Friday, October 01, 2004

I'm feeling good. It's Friday and there's a nice little chill in the air and the sun is out and carry won the debate hands-down and Avail is playing at the Ottobar on Sunday. And ! It's time for another one of these guys:
Quarterly Report

A couple of notes real quick. I did a much longer version of this, but then the computer ate it and pissed me off. I haven't heard the new joints from Devin, Diplo, or Macha, and I'm amped to hear all of them. Gretchen Wilson's Here for the Party and Petey Pablo's Still Writin' in my Diary: 2nd Entry are two of my favorite albums of the year, and I bought both of them in the last three months, but both of them are too old for me to list them here. Apologies to Q and Not U, Devendra Banhart, and Interpol, all of whom almost made it on to this thing.

Top 5 Albums

1. Dizzee Rascal - Showtime. I wasn't all that into Boy in Da Corner; it seemed too much like a critical novelty - different and unexpected, but also unformed and uncertain and oddly tentative. Showtime is none of those things; it's a sheer blast of total audacity. A lot of reviews say that Showtime is Dizzee's attempt to gain an American hip-hop audience, and that may be true, but I hear his jungle and 2step influences much more clearly; "Stand Up Tall", for one, certainly doesn't sound like anything on 92Q. On Boy, Dizzee sounded rangy and awkward, but here he's cold and focused and intent. He's got the swagger and the thousand-yard stare. He's become a rapper. The music is cold and alien and real, except when it's warm and inviting and real. I downloaded "Dream" from Fluxblog before I heard the album, and I hated it then, but it works beautifully in the context of the album, a ray of light in the darkness. And "Imagine" is the saddest, prettiest, most eloquent and thoughtful and heart-wrenching emo gangsta lament in forever.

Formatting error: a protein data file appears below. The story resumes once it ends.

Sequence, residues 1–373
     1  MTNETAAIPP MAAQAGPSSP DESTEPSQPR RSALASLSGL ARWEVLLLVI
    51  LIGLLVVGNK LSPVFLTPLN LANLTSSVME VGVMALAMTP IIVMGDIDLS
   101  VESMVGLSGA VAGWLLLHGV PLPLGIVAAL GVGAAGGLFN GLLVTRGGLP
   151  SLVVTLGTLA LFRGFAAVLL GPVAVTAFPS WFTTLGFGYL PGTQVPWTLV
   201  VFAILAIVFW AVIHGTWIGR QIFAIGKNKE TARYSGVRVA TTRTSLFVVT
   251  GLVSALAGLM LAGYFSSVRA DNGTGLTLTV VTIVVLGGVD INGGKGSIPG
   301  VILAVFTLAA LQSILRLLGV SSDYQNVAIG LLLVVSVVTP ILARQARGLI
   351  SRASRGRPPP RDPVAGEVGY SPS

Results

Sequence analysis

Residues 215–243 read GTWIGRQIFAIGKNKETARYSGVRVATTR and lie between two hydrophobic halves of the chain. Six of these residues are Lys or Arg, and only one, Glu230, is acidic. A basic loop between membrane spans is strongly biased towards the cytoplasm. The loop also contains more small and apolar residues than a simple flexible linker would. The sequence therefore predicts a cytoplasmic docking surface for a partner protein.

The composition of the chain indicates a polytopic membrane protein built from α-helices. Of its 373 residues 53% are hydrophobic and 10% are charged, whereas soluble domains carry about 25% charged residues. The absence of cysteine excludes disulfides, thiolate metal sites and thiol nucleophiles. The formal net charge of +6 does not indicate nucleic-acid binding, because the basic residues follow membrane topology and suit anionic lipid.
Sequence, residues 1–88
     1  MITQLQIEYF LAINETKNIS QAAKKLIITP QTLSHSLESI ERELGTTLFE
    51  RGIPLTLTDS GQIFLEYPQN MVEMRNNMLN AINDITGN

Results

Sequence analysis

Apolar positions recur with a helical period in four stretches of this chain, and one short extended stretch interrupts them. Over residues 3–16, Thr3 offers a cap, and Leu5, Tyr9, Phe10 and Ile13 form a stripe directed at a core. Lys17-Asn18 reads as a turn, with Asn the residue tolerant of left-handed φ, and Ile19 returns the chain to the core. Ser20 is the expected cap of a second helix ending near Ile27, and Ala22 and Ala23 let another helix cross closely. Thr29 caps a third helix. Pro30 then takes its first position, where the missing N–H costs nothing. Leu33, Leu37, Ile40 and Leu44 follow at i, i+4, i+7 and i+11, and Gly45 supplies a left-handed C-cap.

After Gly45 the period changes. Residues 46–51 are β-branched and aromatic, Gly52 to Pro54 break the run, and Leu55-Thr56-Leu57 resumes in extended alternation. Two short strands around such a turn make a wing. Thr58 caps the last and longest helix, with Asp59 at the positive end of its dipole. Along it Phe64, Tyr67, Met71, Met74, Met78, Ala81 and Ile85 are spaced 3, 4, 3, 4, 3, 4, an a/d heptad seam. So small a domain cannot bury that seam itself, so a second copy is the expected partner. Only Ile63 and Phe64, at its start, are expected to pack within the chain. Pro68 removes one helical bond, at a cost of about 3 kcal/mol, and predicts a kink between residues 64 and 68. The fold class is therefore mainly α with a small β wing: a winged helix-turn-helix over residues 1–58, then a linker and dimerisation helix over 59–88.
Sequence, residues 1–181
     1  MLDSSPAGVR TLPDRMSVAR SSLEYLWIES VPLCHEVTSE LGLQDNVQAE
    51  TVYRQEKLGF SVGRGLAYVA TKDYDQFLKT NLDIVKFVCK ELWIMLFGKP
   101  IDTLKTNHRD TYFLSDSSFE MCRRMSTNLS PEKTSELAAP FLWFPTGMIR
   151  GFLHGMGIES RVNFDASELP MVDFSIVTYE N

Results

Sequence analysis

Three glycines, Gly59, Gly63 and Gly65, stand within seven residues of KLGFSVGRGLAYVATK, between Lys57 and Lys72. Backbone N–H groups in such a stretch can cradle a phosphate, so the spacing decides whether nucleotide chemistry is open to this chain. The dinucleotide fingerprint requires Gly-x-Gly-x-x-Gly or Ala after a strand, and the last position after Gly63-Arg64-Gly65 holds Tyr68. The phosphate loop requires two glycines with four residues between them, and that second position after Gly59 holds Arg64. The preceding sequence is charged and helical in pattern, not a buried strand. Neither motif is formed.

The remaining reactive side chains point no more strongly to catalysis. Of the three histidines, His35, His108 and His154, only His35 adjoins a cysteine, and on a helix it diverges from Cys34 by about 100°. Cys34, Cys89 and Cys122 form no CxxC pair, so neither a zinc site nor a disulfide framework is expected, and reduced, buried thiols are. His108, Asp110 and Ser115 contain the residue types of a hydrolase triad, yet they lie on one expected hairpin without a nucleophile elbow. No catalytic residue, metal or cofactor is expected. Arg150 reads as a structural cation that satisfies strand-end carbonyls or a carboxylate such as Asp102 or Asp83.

2. Bjork - Medulla. Only Bjork could have done this, made an entire world out of the sound of the human voice. I like listening to Medulla on my discman when I'm walking around; it lends this absurdly epic air to, like, the homeless dude on the corner or the pigeons outside the bus station. It swirls and wooshes and opens up and spins and dives. It's sad and expansive and euphoric and heavy. It follows its own set of rules.

3. Young Buck - Straight Outta Ca$hville. I was absolutely unprepared for how hard and strong this record is. It's a smooth, dangerous machine. Even when the beats are made by Lil Jon or DJ Paul and Juicy J, they sound like Havoc and Red Spyda: cinematic, windswept, creeping clanks and humming guitars and easy glide. Buck's voice is a cool snarl. It's dark and scary and empty and totally devoid of feelings, grainy video from a place where you never want to go.

4. Old Man Gloom - Christmas. I know exactly nothing about Old Man Gloom. I don't know where they come from or what they look like or who their friends are. I bought the album because a couple of critics I like liked it and said it was ambient shoegazer death metal, which sounded pretty awesome. Well, it is awesome. There's all these long, almost silent stretches of beeps and hums and nothing and then this riff will ring out and all of a sudden you'll be caught up in this hurricane of steamroller riffs and screams and rumbles and crashes out of nowhere. It's a jolting, visceral, physical experience. I have no idea why it exists. Heavy.